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    Newsletter 6th April 2012

    Electric Scotland's Weekly Newsletter for April 6th 2012

    A pdf version of this newsletter is attached to this message. You can also download it at


    Electric Scotland News
    Electric Canadian
    The Flag in the Wind
    Scottish Poets in America
    Calendar Of Documents Relating to Scotland
    Northern Notes and Queries
    Songs of Robert Burns
    The Bards of Bon Accord 1375 - 1860
    Biggar and the House of Fleming
    History of the Barrhead Co-operative Society Ltd.
    The History of Blairgowrie
    Beth's Newfangled Family Tree
    Clan Munro of Australia
    Alastair's Canadian Journal

    Electric Scotland News

    This Newsletter

    I am trying out a new option for this newsletter by producing a copy of it in pdf format. Many thanks to the many responses I got from you as I sent out a trial mailing. And I might add that it was great to hear from so many of you, it was quite like old times! <grin>

    When you click on "Newsletter" in our menu we send you to a new landing page at:

    From that page there is a link to the newsletter forum within our community. But there are also copies of our old old newsletters. What I am now doing is adding pdf copies of the newsletter to that page so you can either simply click on the link or right click on it to download it to your computer.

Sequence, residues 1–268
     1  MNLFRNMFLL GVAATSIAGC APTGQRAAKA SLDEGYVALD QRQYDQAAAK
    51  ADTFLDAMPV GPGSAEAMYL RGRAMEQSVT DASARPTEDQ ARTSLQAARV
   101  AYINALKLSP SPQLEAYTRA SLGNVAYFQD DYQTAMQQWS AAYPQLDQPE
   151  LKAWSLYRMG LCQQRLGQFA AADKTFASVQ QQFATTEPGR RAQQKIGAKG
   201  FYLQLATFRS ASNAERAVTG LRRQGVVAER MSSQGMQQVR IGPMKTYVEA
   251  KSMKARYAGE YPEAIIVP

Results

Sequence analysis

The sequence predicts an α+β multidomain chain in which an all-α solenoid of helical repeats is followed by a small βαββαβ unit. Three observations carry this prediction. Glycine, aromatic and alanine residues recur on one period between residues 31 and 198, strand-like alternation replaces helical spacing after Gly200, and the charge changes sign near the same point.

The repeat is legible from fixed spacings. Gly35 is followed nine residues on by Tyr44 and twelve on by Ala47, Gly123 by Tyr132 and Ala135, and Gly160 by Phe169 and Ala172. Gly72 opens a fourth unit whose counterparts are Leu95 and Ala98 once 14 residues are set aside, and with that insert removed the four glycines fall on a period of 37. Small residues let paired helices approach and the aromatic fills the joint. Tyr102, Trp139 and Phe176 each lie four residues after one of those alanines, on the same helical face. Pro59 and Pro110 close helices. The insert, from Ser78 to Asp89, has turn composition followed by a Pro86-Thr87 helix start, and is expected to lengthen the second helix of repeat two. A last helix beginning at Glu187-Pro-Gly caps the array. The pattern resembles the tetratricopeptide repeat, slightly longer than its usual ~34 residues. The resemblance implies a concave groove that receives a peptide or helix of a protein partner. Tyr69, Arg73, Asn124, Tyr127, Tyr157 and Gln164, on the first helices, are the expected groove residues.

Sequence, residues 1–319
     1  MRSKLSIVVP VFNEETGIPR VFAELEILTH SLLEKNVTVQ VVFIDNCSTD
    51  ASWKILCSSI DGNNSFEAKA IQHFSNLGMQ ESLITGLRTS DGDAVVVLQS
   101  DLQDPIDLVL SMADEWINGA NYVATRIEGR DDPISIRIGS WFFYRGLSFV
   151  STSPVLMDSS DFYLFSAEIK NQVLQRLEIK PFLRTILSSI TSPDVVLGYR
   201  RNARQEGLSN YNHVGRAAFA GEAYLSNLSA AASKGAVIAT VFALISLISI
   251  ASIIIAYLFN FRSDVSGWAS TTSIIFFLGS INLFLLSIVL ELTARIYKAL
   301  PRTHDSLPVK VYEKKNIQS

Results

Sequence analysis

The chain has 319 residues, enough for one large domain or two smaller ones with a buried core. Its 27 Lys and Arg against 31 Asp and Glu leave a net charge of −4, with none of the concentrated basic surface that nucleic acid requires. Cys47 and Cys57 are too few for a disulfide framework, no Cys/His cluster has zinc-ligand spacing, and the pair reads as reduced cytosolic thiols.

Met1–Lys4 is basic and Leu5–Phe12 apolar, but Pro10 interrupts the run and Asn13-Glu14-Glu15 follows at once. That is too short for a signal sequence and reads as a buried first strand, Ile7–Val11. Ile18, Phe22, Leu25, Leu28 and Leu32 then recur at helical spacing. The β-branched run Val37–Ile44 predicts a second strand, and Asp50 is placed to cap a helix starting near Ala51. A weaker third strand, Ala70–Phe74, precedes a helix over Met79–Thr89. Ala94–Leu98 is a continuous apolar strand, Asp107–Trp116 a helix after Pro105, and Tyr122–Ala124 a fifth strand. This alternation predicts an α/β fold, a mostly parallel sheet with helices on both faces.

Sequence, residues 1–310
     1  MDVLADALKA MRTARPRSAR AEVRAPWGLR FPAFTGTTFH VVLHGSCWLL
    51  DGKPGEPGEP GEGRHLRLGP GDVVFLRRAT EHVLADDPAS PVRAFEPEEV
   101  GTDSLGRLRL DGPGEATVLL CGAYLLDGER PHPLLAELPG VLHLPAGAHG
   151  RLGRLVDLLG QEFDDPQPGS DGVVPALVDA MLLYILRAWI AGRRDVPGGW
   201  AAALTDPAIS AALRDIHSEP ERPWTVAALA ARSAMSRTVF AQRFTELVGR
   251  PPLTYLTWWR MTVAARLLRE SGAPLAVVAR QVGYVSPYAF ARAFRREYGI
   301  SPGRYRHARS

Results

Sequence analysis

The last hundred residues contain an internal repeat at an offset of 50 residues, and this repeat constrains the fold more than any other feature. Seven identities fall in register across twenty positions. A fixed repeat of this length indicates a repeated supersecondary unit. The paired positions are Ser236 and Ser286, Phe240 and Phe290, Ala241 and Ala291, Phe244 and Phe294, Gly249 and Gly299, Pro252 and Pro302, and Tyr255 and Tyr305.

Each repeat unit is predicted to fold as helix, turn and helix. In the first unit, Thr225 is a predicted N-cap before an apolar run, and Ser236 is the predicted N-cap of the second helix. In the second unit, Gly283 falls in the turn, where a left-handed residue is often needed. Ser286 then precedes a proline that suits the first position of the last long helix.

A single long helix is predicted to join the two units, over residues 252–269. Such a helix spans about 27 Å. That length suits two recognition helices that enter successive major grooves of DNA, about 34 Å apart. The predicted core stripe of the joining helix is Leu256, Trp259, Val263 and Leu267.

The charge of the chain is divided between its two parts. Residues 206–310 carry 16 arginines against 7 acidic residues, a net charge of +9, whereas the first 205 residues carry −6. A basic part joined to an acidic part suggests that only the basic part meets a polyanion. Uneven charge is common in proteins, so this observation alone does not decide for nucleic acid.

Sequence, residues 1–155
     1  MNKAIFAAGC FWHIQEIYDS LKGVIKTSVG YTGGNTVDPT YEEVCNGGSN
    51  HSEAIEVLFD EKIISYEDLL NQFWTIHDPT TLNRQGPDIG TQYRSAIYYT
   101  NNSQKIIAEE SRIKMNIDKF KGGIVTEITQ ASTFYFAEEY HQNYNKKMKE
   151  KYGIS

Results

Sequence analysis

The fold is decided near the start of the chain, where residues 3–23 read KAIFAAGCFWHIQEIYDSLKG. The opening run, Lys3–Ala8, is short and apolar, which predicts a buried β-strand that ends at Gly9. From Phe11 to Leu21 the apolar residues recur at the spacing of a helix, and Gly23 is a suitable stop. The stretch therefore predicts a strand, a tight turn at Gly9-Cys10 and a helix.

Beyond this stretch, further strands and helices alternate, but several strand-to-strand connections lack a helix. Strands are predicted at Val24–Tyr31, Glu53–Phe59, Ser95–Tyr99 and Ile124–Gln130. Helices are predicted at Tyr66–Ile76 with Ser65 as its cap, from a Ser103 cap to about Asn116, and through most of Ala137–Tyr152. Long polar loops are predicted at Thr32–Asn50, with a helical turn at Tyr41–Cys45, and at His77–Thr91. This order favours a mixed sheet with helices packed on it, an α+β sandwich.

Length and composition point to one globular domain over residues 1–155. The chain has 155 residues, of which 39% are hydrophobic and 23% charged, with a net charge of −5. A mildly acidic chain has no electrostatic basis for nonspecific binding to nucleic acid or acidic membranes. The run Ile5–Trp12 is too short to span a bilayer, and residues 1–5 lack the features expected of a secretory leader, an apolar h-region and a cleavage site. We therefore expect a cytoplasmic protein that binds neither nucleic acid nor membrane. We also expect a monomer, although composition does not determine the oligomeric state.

What I now intend to do is to attach the pdf newsletter to the newsletter for that week in our community so you'll always be able to download it if you wish. And by getting your responses to my test emailing it was clear that you had to login to be able to download the pdf version. And so because of this I decided to add them also to this landing page as well. All of this just takes an extra five minutes to do so figured it would be worthwhile to try this out.

    To create the newsletter I've always just used a text editor but now I am using my web publishing program to produce it. I'm hoping I can just copy and paste it into the forum without having to do anything else. But now I can create a pdf document from a web page and hence it should be easy to do. Time will tell <grin>

    My intention is to simply add a link to the weeks newsletter and so it should be easy to get as it will be on our main site.

    So there you have it and we'll see how it works out.

    Our Food & Drink Section

    I got an email in this week asking me to do a wee correction on a recipe we have on the site. They kindly provided the url of the page so I could locate it quickly and to my astonishment is was at This is a domain we gave up some years ago so looks like whoever purchased it has lifted some of our content. So this is just to say we no longer own this domain and if you are looking for recipes then all of ours can be located at